With regard to ICANN, online consultations have been used on a regular basis since its creation in 1998. Its target audience is the “ICANN community,” a group of stakeholders that volunteer their time and expertise to improve policy processes within the organization. Despite the effort, initiatives such as the 2000 global election for the new At-Large Directors have revealed difficulties in reaching as broad of an audience as wanted. Our study discusses some of the obstacles of the implementation of this ambitious initiative, including limited information and awareness about the At-Large elections, and low Internet access and use in most developing countries, particularly in Africa and Latin America.

Third, there is a need for clear rules regarding the way in which contributions are evaluated in crowdsourcing efforts. When the deliberating body (or committee) is free to disregard inputs without providing any motivation, it triggers concerns about the broader transnational governance framework in which we operate, as there is no election of those few who end up determining which parts of the contributions should be reflected in the outcome document. To avoid the agency problem arising from the lack of accountability over the incorporation of inputs, it is important that crowdsourcing attempts pay particular attention to designing a clear and comprehensive assessment process.

The “wisdom of the crowd” has traditionally been explored in developing the Internet, yet it remains a contested ground when it comes to its governance. In multistakeholder set-ups, the diversity of voices and the collection of ideas and input from as many actors as possible — via online means — represent a desideratum, rather than a reality. In our exploration of empowerment through online crowdsourcing for institutional reform, we identify three fundamental preconditions: first, the existence of sufficient community interest, able to leverage wide expertise beyond a purely technical discussion; second, the existence of procedures for the collection and screening of inputs, streamlining certain ideas considered for implementation; and third, commitment to institutionalizing the procedures, especially by clearly defining the rules according to which feedback is incorporated and circumvention is avoided.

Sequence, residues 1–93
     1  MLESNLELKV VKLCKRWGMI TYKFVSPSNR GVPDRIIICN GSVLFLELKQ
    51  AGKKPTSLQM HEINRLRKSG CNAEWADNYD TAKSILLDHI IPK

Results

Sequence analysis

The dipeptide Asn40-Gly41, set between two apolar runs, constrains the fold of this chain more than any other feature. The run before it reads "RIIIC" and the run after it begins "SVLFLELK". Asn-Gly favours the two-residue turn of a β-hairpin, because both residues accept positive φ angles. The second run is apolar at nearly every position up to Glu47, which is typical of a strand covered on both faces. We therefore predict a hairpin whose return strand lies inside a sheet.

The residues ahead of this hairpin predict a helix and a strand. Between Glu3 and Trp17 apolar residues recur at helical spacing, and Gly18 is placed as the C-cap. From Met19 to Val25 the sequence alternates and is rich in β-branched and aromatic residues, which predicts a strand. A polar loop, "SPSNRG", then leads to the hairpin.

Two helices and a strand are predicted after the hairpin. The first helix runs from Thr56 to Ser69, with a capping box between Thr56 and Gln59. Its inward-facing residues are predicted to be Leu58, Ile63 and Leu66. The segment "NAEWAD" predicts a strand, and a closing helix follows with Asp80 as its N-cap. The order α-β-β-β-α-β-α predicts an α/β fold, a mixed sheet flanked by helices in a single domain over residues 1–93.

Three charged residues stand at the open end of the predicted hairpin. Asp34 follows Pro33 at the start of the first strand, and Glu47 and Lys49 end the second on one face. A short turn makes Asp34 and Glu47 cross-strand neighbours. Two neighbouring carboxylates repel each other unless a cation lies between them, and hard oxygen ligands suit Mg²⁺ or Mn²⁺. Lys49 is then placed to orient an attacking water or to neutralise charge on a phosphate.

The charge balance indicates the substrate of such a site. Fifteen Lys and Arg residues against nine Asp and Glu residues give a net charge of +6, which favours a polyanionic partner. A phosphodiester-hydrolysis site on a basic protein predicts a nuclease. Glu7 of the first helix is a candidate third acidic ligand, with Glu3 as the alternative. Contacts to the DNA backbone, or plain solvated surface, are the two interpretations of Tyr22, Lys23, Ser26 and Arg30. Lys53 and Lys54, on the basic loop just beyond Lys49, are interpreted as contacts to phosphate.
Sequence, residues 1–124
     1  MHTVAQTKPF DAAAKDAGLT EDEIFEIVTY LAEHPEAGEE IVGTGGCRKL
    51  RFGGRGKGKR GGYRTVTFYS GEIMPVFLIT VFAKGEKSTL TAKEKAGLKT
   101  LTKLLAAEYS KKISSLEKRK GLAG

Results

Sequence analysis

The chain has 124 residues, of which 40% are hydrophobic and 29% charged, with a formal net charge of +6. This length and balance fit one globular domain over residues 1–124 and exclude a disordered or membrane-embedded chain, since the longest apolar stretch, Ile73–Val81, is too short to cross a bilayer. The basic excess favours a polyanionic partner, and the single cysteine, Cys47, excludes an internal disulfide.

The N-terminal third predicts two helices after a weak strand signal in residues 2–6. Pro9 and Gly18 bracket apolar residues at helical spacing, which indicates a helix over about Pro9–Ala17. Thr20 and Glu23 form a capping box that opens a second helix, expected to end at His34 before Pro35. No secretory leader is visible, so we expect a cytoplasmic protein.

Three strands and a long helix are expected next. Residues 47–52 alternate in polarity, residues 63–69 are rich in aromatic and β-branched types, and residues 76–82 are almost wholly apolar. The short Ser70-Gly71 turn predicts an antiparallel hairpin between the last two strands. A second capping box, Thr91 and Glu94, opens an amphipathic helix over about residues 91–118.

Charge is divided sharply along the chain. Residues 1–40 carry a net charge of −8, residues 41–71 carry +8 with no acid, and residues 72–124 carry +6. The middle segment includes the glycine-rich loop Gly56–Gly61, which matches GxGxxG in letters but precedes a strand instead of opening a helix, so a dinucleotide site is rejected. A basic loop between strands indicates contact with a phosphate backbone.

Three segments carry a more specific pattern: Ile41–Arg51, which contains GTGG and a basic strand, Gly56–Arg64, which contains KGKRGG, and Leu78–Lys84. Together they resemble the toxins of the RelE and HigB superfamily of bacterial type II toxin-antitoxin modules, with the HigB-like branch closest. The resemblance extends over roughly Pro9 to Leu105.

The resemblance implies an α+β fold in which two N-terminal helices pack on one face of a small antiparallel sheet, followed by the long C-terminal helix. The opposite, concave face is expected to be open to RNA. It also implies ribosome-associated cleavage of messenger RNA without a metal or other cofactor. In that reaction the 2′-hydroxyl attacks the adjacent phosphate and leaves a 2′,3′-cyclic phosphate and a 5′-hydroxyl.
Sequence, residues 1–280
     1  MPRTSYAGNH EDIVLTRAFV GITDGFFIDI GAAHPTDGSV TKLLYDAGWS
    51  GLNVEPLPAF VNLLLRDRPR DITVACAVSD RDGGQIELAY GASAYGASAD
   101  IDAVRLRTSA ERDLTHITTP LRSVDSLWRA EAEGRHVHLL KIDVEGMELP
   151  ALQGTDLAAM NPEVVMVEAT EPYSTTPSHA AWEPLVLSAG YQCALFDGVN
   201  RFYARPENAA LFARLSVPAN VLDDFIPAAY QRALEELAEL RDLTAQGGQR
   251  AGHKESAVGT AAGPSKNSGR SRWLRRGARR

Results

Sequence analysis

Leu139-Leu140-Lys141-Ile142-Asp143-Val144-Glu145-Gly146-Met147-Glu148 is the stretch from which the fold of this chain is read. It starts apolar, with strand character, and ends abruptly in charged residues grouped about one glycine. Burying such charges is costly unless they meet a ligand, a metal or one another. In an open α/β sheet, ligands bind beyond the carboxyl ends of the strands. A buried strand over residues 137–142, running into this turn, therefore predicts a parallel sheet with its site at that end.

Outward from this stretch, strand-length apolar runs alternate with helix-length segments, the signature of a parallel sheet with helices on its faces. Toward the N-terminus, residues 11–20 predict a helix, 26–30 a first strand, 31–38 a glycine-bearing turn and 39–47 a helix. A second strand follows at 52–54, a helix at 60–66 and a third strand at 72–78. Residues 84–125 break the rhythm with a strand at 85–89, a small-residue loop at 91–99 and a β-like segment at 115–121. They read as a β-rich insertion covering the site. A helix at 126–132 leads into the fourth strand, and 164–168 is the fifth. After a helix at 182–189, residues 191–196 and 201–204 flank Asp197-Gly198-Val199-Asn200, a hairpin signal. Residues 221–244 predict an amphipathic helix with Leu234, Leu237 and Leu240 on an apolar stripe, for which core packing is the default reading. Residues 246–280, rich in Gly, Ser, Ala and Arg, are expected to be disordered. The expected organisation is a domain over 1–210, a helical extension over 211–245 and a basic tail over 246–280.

Read the full paper: Radu, R., Zingales, N. and Calandro, E. (2015), Crowdsourcing Ideas as an Emerging Form of Multistakeholder Participation in Internet Governance. Policy & Internet, 7: 362–382. doi: 10.1002/poi3.99

Roxana Radu is a PhD candidate in International Relations at the Graduate Institute of International and Development Studies in Geneva and a fellow at the Center for Media, Data and Society, Central European University (Budapest). Her current research explores the negotiation of internet policy-making in global and regional frameworks.

Nicolo Zingales is an assistant professor at Tilburg law school, a senior member of the Tilburg Law and Economics Center (TILEC), and a research associate of the Tilburg Institute for Law, Technology and Society (TILT). He researches on various aspects of Internet governance and regulation, including multistakeholder processes, data-driven innovation and the role of online intermediaries.

Enrico Calandro (PhD) is a senior research fellow at Research ICT Africa, an ICT policy think-tank based based in Cape Town. His academic research focuses on accessibility and affordability of ICT, broadband policy, and internet governance issues from an African perspective.